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Speaking the f and v sounds was enabled by eating soft foods

lpetrich

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Humans couldn't pronounce 'f' and 'v' sounds before farming developed | New Scientist noting Human sound systems are shaped by post-Neolithic changes in bite configuration | Science
From Science magazine:
In 1985, the linguist Charles Hockett proposed that the use of teeth and jaws as tools in hunter-gatherer populations makes consonants produced with lower lip and upper teeth (“f” and “v” sounds) hard to produce. He thus conjectured that these sounds were a recent innovation in human language. Blasi et al. combined paleoanthropology, speech sciences, historical linguistics, and methods from evolutionary biology to provide evidence for a Neolithic global change in the sound systems of the world's languages. Spoken languages have thus been shaped by changes in the human bite configuration owing to changes in dietary and behavioral practices since the Neolithic.
We are born with an overbite. But the tough foods eaten by our Paleolithic (foraging) ancestors made us do a lot of jaw exercise, and that gave us an edge-to-edge bite in adulthood. But in the places with Neolithic (farming) technology or later, the softer foods that that technology made possible made that exercise less necessary, giving us an overbite in adulthood.

Making a labiodental requires about 30% less muscle effort with a typical overbite than with edge-to-edge front teeth, and one finds that people recently with Paleolithic technology have only 1/4 the likelihood of labiodentals than people with Neolithic technology and later.

This is also evident in the history of language families with long histories, like Indo-European. Labiodentals developed in several of the IE descendant languages, but the ancestral IE language is reconstructed as having none. In particular, /f/, as linguists like to write it, developed in ancestral Germanic, Latin, and medieval / modern Greek. I looked elsewhere and found a lack of the sound in several other families' ancestors, despite some of their descendants having it. I checked Semitic, Uralic, Turkic, Dravidian, Sino-Tibetan, Austroasiatic, Austronesian, Bantu, Pama-Nyungan, Uto-Aztecan, Algonquian, Iroquoian, and Eskimo-Aleut.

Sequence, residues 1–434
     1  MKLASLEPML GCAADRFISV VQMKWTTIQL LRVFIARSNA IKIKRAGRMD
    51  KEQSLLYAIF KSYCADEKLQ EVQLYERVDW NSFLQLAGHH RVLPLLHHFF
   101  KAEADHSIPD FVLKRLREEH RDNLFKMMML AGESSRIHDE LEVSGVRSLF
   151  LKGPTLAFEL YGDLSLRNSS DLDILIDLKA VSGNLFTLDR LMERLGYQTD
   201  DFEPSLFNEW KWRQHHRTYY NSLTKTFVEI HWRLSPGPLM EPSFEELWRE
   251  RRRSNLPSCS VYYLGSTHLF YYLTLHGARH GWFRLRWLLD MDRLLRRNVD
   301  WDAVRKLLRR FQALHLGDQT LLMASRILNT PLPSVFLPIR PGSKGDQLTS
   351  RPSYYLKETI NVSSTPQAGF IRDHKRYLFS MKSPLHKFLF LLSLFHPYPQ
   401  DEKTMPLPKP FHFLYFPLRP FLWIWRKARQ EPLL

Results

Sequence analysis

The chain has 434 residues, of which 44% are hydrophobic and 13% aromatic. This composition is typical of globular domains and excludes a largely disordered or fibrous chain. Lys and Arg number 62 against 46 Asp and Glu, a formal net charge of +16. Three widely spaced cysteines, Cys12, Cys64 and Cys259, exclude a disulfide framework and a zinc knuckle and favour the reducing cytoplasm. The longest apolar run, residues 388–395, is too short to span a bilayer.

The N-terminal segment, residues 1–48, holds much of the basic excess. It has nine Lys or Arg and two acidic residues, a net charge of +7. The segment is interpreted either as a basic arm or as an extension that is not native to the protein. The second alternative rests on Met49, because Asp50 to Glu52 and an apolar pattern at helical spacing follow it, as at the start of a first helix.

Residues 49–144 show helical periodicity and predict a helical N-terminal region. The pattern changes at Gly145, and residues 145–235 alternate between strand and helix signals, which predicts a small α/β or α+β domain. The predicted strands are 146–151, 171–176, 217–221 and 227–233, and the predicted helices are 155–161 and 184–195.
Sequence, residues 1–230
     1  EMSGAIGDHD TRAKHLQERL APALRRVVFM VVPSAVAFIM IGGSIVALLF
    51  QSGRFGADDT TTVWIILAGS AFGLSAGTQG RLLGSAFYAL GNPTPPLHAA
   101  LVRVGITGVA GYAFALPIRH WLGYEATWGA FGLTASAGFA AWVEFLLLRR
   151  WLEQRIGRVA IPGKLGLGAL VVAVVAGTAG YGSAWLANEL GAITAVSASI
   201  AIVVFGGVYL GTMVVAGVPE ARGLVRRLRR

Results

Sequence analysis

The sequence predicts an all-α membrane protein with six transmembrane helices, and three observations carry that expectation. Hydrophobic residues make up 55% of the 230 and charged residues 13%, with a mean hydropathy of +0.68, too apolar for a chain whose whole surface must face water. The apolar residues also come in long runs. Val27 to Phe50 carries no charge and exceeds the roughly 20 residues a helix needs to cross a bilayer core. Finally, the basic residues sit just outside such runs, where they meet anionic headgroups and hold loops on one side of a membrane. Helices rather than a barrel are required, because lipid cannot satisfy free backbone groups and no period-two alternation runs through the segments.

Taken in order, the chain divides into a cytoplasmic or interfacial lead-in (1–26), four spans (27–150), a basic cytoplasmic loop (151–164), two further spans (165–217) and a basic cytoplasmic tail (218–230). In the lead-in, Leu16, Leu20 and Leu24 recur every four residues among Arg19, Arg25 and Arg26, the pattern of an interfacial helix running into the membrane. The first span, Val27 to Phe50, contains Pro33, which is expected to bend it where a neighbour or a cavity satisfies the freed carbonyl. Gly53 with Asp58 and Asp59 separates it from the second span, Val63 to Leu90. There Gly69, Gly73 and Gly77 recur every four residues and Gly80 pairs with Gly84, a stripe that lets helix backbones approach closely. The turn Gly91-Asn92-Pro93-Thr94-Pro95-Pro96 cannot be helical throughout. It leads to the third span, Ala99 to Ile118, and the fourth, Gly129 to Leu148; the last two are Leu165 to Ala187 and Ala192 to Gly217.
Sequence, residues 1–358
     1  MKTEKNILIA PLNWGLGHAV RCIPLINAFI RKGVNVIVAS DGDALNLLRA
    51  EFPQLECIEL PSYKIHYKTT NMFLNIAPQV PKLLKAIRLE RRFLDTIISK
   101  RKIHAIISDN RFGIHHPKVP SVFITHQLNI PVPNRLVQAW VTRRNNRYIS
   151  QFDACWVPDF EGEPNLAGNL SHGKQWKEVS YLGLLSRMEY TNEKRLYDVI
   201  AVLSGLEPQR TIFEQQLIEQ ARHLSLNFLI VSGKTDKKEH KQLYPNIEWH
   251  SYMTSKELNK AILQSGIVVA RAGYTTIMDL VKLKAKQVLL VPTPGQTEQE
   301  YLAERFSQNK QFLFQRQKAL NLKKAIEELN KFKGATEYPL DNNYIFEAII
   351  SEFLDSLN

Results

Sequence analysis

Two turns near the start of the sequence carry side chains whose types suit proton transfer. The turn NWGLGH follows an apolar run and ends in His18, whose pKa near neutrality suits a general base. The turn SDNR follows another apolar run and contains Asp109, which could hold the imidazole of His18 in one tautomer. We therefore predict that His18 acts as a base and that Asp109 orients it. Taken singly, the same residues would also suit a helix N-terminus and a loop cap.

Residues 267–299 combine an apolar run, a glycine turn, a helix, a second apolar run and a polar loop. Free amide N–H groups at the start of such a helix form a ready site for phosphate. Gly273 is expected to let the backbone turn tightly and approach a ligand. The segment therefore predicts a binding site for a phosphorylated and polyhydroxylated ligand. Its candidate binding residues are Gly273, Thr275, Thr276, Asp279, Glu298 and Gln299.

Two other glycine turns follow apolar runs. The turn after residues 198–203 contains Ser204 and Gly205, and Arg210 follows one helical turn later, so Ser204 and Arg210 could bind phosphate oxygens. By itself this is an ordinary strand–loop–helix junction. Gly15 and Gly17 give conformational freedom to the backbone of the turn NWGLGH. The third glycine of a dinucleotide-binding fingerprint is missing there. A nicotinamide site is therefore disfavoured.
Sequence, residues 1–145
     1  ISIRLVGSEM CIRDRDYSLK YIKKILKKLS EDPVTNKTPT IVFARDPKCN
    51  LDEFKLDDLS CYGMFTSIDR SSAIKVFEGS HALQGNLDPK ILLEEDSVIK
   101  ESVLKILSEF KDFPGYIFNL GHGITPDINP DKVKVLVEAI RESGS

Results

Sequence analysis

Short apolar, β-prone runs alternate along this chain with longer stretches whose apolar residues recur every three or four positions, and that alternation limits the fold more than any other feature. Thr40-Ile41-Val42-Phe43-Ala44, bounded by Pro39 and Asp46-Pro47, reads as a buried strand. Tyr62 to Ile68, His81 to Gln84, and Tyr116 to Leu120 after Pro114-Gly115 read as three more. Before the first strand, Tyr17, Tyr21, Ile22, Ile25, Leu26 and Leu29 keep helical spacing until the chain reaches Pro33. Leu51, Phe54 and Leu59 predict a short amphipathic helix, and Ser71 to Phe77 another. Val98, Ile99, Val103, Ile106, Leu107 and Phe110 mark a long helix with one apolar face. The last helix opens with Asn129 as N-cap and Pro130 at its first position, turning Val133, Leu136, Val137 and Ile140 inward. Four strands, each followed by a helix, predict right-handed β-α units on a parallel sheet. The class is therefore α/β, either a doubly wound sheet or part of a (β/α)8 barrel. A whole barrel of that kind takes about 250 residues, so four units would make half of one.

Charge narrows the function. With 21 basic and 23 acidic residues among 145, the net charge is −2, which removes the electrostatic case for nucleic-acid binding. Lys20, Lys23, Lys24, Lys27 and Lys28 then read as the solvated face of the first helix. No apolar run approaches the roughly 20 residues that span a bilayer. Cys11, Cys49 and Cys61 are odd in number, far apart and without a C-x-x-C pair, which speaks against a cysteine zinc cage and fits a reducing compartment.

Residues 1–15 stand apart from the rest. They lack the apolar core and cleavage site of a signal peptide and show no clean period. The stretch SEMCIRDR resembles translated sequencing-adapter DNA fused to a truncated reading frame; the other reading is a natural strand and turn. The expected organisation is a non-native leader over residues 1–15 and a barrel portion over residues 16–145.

Politesse

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Complete nonsense. I can think of three traditional foraging cultures just off the top of my head that have labiodentals in their own ethnonym...
 

lpetrich

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Complete nonsense. I can think of three traditional foraging cultures just off the top of my head that have labiodentals in their own ethnonym...
But are labiodentals very common among such people? One could look in a list of ethnonyms for people with different sorts of technology.

Or do what I did, look in reconstructed phonologies of language families. Labiodentals are rare in them, though they have plenty of labials: /p/, /b/, /w/.
 

Politesse

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Complete nonsense. I can think of three traditional foraging cultures just off the top of my head that have labiodentals in their own ethnonym...
But are labiodentals very common among such people? One could look in a list of ethnonyms for people with different sorts of technology.

For it to be true to say that people of a certain cultural stereotype "couldn't pronounce" such and such, there would have to be NO contrary cases. In truth, phonemes are habituated; you can potentially speak any language and produce all sounds at birth, not until you are several months old do you start habituating to using some over others.
 

lpetrich

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That's NOT what this paper's authors are claiming. They are claiming that these sounds are more difficult to pronounce, even if not impossible, and that this difficulty explains their rarity in the languages of people who were recently hunter-gatherers. As a comparison, labials are very common: the consonants /p/, /b/, and /m/, and the semivowel /w/.

It also does not address the rarity of the sounds in many protolanguages. How many should I have to list?
 

Politesse

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That's NOT what this paper's authors are claiming. They are claiming that these sounds are more difficult to pronounce, even if not impossible, and that this difficulty explains their rarity in the languages of people who were recently hunter-gatherers. As a comparison, labials are very common: the consonants /p/, /b/, and /m/, and the semivowel /w/.

It also does not address the rarity of the sounds in many protolanguages. How many should I have to list?

The article you link is titled "Humans Couldn't Pronounce 'F' and 'V' Sounds Before Farming Developed". This is directly inaccurate and plays into tired colonialist language stereotyping.
 

lpetrich

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The article you link is titled "Humans Couldn't Pronounce 'F' and 'V' Sounds Before Farming Developed". This is directly inaccurate and plays into tired colonialist language stereotyping.
I concede that that article is very misleadingly titled. But you ought to look beyond that.